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Sunday, 22 May 2011 22:18

"Test the Air Quality" workshop with Environment Hamilton, May 30 5:30pm

Written by  Rob Porter
Presented as part of The Hamilton Centre for Teaching Peace's new Edu-macation Mondays!

Building off the success of the white flag initiative, the Good Neighbour Campaign has been working to continue to provide Hamiltonians with the tools and skills needed to monitor air quality within their neighbourhoods. Recognizing that our next method needed to be simple, easy to interpret, precise, robust, and affordable, we decided to utilize the methodology of George Sorger, a McMaster professor who has studied the relationship of tree lichen to air quality (specifically S02 and N02, good indicators of airborne pollution).

 

 

The relationship Sorger found was that areas with high levels of SO2 and NO2 had low to non-existent levels of tree lichen, whereas areas with low levels of SO2 and NO2 had higher levels of lichen and an overall better air quality. Thus, by simply monitoring tree lichen species (two to be exact) we will be able to get a good indication of the air quality in various parts of the city.

Interesting in getting involved but have no idea what lichen is or how to identify it? Not a problem! We plan to provide free and fun training to anyone interested in getting involved and who want to learn the skills. Please note: high school students are also encouraged to come out as we are able to sign off on volunteer hours.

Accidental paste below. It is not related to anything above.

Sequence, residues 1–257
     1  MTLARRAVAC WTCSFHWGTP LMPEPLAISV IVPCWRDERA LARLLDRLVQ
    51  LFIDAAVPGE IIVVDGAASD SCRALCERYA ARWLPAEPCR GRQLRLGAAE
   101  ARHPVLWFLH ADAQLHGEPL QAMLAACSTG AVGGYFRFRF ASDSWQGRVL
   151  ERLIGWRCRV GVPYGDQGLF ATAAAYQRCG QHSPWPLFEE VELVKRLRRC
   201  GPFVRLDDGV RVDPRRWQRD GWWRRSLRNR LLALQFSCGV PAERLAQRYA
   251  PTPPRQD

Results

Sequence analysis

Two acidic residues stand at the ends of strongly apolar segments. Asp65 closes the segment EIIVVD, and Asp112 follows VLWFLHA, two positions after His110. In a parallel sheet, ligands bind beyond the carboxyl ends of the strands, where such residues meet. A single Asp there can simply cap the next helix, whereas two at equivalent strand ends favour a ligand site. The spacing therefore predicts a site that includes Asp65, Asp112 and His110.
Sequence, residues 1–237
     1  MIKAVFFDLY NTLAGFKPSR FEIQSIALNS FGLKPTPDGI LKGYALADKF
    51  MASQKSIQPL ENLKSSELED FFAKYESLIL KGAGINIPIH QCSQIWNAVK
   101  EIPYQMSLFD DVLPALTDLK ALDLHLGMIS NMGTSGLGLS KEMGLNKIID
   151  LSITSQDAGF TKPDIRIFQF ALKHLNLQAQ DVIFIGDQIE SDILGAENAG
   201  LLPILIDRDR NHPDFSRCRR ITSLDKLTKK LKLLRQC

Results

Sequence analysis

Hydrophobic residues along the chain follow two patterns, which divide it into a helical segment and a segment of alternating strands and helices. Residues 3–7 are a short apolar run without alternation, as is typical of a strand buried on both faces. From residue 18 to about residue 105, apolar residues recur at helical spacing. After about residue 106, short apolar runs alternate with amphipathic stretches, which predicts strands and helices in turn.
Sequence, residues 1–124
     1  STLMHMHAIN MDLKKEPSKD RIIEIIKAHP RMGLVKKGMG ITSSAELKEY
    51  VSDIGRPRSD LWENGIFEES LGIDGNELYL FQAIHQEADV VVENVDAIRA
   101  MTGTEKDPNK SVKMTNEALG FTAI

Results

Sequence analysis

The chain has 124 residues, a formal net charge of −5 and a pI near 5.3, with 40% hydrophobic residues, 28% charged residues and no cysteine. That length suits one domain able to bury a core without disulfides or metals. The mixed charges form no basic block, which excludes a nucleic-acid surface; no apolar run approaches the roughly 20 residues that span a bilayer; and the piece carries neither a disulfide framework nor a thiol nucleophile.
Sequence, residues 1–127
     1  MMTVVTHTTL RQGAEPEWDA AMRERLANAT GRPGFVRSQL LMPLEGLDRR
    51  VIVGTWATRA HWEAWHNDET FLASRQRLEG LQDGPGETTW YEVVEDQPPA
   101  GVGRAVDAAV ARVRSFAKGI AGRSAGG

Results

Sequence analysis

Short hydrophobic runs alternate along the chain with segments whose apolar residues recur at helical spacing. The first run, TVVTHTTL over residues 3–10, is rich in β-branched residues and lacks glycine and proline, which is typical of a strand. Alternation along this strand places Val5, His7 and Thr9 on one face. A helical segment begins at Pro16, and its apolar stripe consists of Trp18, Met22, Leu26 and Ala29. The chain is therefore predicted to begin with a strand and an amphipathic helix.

Please join us for our next session as part of the Hamilton Centre for Teaching Peace's Edu-macation Mondays at the Sky Dragon centre!

Last modified on Wednesday, 25 May 2011 22:23
Rob Porter

Rob Porter

Rob joined Canadian Centres for Teaching Peace in 2002, after attending the first Annual Conference on Peace Education in Canada when he started his second university undergraduate degree.

Originally from a farm near Walkerton, Ontario, Rob resides in Hamilton, Ontario where he attended McMaster University for music, theatre & film studies, and peace studies.

Rob has assisted with the Annual Conferences on Peace Education in Canada over the years, first as a volunteer student and later as the facilitator and coordinator. He is now the director of the first community Peace Café, Hamilton Centre for Teaching Peace.

Rob also is a professional web programmer and designer, having designed and programmed dozens of sites since 1997. More recently he has incorporated a business partnership called CartaNova.

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